Building huts on Christmas Day

On Dec. 21, 1863, a clear and icy cold Monday, Humphreys Mississippi Brigade and the 13th Regiment “left camp at Clinch Gap at 10 a.m. and marched 9 miles to Longs Ferry on the Holston River and camped,” Spartan Band diarist William H. Hill recorded.

The next morning at 8, the brigade crossed the river on an old ferryboat, dodging floating ice. On Wednesday, the 23rd, they marched to Russellville where Hill wrote that they “camped near McDonald’s Farm, 2 and 1/2 miles south of Russellville on the E. Tennessee and Virginia R.R. in Jefferson Co., Tennessee. We received orders to build houses as we will remain here until the spring campaign opens.”

The mountain winter weather was turning severe, with the mercury hovering not far above zero.

There was snow on Christmas Eve, and they heard “heavy cannonading in the direction of Knoxville,” Hill wrote. “The enemy are reported to be in large force 6 miles from here.”

He recorded no celebration on Friday, Christmas Day, just labor on the winter huts, as the weather steadily grew even colder,  the snow continued to fall and food and warm clothing were scarce.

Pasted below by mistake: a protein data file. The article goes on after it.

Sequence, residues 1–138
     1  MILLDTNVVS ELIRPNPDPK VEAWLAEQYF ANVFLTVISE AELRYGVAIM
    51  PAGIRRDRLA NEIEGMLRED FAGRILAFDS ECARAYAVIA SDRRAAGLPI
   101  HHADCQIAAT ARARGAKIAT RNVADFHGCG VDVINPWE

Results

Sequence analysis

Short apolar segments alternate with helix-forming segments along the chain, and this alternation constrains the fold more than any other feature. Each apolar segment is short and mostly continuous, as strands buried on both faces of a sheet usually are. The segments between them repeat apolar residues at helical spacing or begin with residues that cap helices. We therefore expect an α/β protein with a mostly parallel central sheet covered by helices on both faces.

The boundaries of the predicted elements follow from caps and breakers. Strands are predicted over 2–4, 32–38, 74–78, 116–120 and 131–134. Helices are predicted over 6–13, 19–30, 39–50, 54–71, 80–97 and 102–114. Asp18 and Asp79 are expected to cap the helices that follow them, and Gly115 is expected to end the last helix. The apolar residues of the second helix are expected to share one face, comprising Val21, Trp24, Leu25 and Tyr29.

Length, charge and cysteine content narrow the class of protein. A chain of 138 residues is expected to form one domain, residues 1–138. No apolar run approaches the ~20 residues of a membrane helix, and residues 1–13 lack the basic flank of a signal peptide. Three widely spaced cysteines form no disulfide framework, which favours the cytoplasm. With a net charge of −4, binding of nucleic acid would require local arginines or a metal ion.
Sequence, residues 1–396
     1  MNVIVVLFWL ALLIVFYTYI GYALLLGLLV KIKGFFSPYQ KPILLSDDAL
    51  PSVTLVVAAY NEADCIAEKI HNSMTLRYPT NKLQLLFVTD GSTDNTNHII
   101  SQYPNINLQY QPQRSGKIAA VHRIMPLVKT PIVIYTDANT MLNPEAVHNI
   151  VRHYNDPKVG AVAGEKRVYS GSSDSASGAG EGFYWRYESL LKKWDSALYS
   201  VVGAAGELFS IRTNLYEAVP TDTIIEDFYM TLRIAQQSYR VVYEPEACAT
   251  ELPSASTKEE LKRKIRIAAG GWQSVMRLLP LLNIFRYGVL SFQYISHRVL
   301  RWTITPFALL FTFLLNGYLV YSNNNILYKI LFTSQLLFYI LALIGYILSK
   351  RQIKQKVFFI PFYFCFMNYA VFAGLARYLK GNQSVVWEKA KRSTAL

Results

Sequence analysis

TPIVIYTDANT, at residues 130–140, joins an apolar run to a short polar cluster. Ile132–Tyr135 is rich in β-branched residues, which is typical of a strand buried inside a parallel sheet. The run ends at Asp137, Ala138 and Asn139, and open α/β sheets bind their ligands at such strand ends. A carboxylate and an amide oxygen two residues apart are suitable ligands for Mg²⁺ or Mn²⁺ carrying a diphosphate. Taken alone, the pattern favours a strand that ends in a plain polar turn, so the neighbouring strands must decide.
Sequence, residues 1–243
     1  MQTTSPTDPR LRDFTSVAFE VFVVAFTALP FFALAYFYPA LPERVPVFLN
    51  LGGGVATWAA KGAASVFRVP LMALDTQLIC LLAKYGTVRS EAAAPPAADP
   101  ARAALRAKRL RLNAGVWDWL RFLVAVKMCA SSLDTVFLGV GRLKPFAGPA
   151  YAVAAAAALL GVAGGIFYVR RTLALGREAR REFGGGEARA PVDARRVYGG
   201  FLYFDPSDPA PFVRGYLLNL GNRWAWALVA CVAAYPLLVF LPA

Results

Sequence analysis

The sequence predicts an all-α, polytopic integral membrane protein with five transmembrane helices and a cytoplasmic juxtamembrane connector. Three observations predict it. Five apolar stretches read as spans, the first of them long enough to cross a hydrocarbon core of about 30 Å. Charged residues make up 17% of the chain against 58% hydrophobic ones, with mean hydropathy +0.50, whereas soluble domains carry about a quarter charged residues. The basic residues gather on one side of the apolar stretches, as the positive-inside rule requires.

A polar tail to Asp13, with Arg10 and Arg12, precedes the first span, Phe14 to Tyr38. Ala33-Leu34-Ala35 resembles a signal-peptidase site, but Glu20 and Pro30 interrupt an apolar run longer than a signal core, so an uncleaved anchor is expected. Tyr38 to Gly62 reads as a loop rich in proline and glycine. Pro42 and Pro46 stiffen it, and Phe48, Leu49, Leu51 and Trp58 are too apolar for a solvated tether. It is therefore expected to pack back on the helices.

“This is a very dull Christmas,” Hill recorded. “The men can’t get any liquor to enjoy themselves with so they are spending the day working on their winter quarters.”

General Longstreet, meanwhile, had established his headquarters in a house in Russellville. General McLaws was in a home in nearby Hayslope.

On Dec. 29, Hill recorded, it began to sleet and on New Year’s Day, according to Tennessee historical records, the mercury plunged to 24 degrees below zero.

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About Dick Stanley

Retired Texas daily newspaperman
This entry was posted in Gen. James Longstreet, Humpreys Mississippi Brigade, The Spartan Band, William H. Hill Diary and tagged , . Bookmark the permalink.

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